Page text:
Expat life: long-term tourist


Expat life: long-term tourist

Long-term tourist

Third post on Expat Life.
Having acquired a brand new way of looking at things and having explored every corner of my new city, I thought I would also take a look at my wider surroundings.
There is an invaluable privilege to being an Expat, which is that you are effectively a long-term tourist; so what could be better than taking full advantage of your situation? In the two years that I lived in the South of France, I tried to travel around as much as possible and, during these tourist trips, I saw a great number of beautiful cities, small villages and vast beaches.
Of course, these wanderings couldn’t fail to include the famous region of Provence.
I arrived one spring afternoon, during a time of difficult decisions; it seemed as though, before this crossroads, someone had come along and switched off my enthusiasm for life. Me, a person who cannot live without taking photos, even if only with my eyes, had put the cap back on the lens.
However, the South of France is an amazing corner of the world, often warmed by the sun, often capable of soothing even the worst of moods.
Thus, one afternoon in May, a stroll in Provence proved to be exactly the healing I needed.
I arrived in Saint Remy in Provence full of expectations; I knew it wasn’t the right time to admire the vast expanses of purple lavender, but I still expected to experience the magical atmosphere so gushed over by the French. An expectation that was not to be disappointed.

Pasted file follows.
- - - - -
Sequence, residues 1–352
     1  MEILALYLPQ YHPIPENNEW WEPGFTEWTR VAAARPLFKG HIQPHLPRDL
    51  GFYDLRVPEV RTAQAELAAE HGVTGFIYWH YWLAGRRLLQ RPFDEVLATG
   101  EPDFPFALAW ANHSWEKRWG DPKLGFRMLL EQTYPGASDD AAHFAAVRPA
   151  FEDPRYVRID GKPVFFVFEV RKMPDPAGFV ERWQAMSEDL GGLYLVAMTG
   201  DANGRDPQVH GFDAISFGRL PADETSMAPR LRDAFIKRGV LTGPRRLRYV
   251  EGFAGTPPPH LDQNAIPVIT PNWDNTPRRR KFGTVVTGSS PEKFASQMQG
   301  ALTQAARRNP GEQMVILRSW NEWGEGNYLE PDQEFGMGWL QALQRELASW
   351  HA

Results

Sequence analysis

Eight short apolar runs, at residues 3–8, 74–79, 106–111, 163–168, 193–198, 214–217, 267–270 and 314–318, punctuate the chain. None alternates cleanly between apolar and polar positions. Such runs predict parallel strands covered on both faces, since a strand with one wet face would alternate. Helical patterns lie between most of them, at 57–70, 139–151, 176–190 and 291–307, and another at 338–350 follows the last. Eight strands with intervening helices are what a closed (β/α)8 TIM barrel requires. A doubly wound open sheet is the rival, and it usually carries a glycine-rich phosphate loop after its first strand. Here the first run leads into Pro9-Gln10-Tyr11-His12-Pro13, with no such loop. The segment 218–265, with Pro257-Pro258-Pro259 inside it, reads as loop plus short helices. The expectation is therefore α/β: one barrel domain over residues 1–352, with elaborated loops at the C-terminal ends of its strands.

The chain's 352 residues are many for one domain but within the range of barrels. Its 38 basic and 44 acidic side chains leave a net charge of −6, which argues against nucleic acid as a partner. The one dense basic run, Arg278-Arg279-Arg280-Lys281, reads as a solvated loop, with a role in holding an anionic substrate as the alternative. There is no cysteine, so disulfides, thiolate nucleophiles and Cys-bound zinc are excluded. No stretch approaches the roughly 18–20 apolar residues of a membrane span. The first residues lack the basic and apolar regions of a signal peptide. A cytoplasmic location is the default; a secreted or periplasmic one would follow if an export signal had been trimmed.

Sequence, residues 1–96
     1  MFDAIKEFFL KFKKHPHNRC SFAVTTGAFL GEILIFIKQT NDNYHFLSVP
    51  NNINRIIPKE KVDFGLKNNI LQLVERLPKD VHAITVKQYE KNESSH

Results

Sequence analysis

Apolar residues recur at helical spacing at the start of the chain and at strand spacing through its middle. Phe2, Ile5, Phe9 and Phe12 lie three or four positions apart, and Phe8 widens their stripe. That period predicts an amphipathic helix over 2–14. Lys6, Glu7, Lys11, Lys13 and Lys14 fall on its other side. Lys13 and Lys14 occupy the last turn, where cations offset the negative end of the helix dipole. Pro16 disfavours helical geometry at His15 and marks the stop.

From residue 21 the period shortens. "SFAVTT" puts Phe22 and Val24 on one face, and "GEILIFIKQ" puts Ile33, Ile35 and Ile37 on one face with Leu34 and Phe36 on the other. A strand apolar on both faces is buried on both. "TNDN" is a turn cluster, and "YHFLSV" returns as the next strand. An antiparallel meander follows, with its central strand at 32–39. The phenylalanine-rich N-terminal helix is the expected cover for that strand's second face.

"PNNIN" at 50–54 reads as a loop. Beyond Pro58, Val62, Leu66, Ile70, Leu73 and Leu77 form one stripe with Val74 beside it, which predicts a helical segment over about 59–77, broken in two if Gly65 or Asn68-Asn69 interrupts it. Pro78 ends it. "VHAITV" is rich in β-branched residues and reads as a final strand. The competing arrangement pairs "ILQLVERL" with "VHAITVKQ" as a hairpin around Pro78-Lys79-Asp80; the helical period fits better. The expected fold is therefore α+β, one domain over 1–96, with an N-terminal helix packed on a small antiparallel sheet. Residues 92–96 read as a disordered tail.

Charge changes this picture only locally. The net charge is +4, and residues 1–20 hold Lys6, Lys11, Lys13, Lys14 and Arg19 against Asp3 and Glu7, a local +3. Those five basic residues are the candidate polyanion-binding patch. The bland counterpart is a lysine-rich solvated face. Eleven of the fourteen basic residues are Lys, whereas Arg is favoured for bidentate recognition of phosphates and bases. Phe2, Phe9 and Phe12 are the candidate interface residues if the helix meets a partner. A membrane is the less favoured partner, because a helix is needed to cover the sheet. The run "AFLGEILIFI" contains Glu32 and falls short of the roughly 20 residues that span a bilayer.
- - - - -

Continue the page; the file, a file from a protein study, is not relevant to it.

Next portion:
Saint Remy is an immaculate little village, framed by coloured shutters, where you often happen upon places full of light and colour.
It is no surprise to learn that it is a place that has charmed many writers, painters and musicians over the years. It is no coincidence that Vincent Van Gogh, during a year in Saint Remy, painted a total of one hundred and fifty works of art.
The light is often filtered by the ancient sycamores and the small streets always reveal perfect little corners vivid in colour.

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Place Favier is the square known to the residents as Lou Planet; here, you can enjoy sitting in the shade of the trees and be lulled by the sounds of the unmissable fountain, which dates back to 1906. A beautiful space that is transformed into one big open-air café.
Sitting at one of the many little tables in the square, you can’t help but notice the coloured wooden shutters, often half-shut in the heat of the day.

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I can still remember the Bistrot where my eyes were immediately drawn to the combination of flowers, coloured chairs, little decorations and details, which transformed a simple side street into the perfect setting to bring a smile to your face.

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If you are planning a trip to Provence, Saint Remy is really worth a visit; at least a brief stop for a cup of tea at one of the many little tables scattered along the village streets. Above all, if you are in an Expat situation, take full advantage of being a long-term tourist because it is always worth the effort.

Bianca Spina

My name is Bianca Spina; I’m from Naples but I live in Rome. I have just come back to Italy after a period living as an Expat in France, an intense and amazing time. Mother to two little girls, I wear big, red glasses; I love to walk looking up, to observe, photograph and tell stories. I try to keep in a good mood and I am always won over by the inescapable charm of kindness and a smile.


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